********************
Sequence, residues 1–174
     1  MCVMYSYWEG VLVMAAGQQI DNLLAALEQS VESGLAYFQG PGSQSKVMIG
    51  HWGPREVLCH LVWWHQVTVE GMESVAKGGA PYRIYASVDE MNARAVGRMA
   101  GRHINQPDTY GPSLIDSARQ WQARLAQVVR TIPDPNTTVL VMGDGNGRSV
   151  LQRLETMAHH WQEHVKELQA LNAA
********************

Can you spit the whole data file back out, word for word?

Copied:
Sequence, residues 1–174
     1  MCVMYSYWEG VLVMAAGQQI DNLLAALEQS VESGLAYFQG PGSQSKVMIG
    51  HWGPREVLCH LVWWHQVTVE GMESVAKGGA PYRIYASVDE MNARAVGRMA
   101  GRHINQPDTY GPSLIDSARQ WQARLAQVVR TIPDPNTTVL VMGDGNGRSV
   151  LQRLETMAHH WQEHVKELQA LNAA